To mark the centennial of the landmark legislation that granted women the right to vote, WESTAF (Western States Arts Federation), a regional nonprofit arts service organization dedicated to strengthening the financial, organizational, and policy infrastructure of the arts in the West, commissioned the creation of a mural related to Women’s Suffrage in Denver’s Montbello neighborhood. The mural, created by local artist Adrienne “Adri” Norris (@afrotriangle), is located at the Montbello Branch of the Denver Public Library on Albrook Drive. The library, a public epicenter of knowledge and cultural memory, as the site for this work creates a dynamic dialogue with its subject matter as it centers an overlooked history. The artwork’s content challenges and expands the mainstream narrative of Women’s Suffrage and the passing of the 19th Amendment to include the larger and more inclusive story of the fight for voting rights for Black, Hispanic, and minority communities.
Rendered in sepia tones, a historical map of the United States serves as the central image of the mural panel installed to the left of the library entrance, which tells the story of the Women’s Suffrage Movement in the Western United States leading up to the passing of the 19th Amendment. The artwork begins with reference to the 15th Amendment, the ratification of which gave men of color the right to vote in 1870. Below this introduction, Norris traces the reaction to this amendment and the resulting emergence of Women’s Suffrage movements, including Colored Women’s Clubs and the National Women’s Party. The map is surrounded by four portraits highlighting significant figures in the quest for women’s suffrage, including Mary McLeod Bethune, a civil and women’s rights leader who eventually founded Bethune-Cookman University; Elizabeth Piper Ensley, a Coloradan who played a major role in women gaining the right to vote in Colorado before the passing of the 19th Amendment; Adelina Otero-Warren, the first Hispanic woman to run for U.S. Congress; and Dolores Armijo, the New Mexico state librarian who fought and won a gender discrimination lawsuit after the governor sought to replace her. In 1893, decades before the passing of the 19th Amendment, Colorado became the first state in the U.S. to enact women’s suffrage by popular referendum. The 19th Amendment, which gave all citizens of the United States, regardless of sex, the right to vote, officially passed in 1919 and was ratified in 1920.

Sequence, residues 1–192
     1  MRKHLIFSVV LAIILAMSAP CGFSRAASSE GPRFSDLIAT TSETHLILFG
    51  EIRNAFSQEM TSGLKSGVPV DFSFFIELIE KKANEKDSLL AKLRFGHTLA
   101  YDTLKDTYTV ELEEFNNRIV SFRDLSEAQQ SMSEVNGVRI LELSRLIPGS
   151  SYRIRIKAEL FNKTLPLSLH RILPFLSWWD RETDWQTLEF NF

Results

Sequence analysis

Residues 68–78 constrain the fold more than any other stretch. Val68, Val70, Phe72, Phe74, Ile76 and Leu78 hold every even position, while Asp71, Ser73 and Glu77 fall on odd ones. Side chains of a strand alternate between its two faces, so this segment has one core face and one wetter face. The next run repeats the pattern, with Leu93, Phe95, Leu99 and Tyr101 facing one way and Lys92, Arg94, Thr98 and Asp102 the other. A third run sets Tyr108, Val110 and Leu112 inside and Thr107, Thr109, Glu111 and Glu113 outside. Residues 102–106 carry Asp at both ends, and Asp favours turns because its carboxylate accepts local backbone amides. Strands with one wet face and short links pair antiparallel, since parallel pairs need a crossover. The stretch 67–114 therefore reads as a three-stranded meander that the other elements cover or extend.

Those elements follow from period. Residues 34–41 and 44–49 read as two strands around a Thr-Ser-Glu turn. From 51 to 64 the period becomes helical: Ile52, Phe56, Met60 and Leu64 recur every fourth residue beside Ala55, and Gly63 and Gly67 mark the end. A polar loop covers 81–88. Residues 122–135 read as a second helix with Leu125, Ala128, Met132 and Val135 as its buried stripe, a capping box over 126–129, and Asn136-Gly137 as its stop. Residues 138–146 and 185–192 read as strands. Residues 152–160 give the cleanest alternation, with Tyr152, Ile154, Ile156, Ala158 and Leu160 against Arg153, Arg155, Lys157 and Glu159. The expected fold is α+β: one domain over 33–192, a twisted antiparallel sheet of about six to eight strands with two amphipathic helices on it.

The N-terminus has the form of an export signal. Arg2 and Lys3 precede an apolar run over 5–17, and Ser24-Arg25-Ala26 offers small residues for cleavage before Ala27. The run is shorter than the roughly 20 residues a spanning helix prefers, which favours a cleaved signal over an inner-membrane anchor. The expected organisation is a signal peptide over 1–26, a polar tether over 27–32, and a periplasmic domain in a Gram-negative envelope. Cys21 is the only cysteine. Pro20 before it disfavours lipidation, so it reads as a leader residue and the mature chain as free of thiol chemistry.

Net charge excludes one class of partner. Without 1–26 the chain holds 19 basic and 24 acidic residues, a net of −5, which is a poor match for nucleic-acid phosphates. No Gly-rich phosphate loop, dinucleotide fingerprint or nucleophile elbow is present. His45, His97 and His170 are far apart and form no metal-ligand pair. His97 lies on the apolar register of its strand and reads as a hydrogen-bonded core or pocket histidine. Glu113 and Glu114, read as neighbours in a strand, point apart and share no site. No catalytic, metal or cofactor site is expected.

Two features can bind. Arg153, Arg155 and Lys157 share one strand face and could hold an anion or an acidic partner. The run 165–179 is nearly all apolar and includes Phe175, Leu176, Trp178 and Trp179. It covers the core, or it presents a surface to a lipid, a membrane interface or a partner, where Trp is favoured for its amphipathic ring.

The mural’s narrative continues on the right side of the library’s entrance with an exploration of suffrage movements after the ratification of the 19th Amendment. Norris depicts scenes of activists who fought against Jim Crow and similar “Juan Crow” laws used to prevent Black and Hispanic Americans from voting. Women of color served at the forefront of movements aimed to end these forms of voter suppression. Once again, the portraits of four prominent figures integral to efforts to combat these injustices are featured: Fannie Lou Hamer, who helped to found the National Women’s Political Caucus; Gretchen McRae, the first Black woman to make the ballot by running for City Council in Colorado Springs in 1943; Polly Baca, the first Latina and minority woman elected to the Colorado State Senate; and Vilma Socorro Martinez, a leading advocate for civil rights for Hispanic Americans. Continuing to the right of the portraits, the mural features the passing of the 24th Amendment, which made poll taxes illegal in federal elections, thereby expanding voter access among historically disenfranchised groups, including communities of color. However, as Norris mentions in the mural’s text, “ID laws, voter roll purges, shorter early voting periods, limited mail-in voting, fewer polling places, gerrymandering, mega districts, and at-large elections are some of the more recent forms of voter suppression.” The final images of the mural coalesce poignantly at the site of the voter ballot return box installed outside the library entrance, functioning as a rousing reminder of the continuing fight for equitable voting practices and a call to action to remain vigilant about one’s rights and to vote accordingly.
As efforts to combat voter suppression continue in the present day, this project serves as a celebration of the efforts of our forebears and an inspiration to continue their legacy in the quest for a more just voting system. While the mural was designed as a site-specific installation, its story holds local, regional, and national significance.
The images featured in this mural were created through a combination of hand-painting and digital rendering, then transferred to vinyl to ensure the outdoor installation’s longevity. This project was made possible through a generous grant from the National Endowment for the Arts and the Federal Women’s Suffrage Centennial Commission. Many thanks to the Denver Public Library staff and the District 11 Office of Stacie Gilmore for their partnership on this project.
Visit the artist’s website: https://afrotriangledesigns.com/
To learn more about the project and engage with the artwork, visit www.publicartarchive.org/westaf-womens-suffrage-mural-project.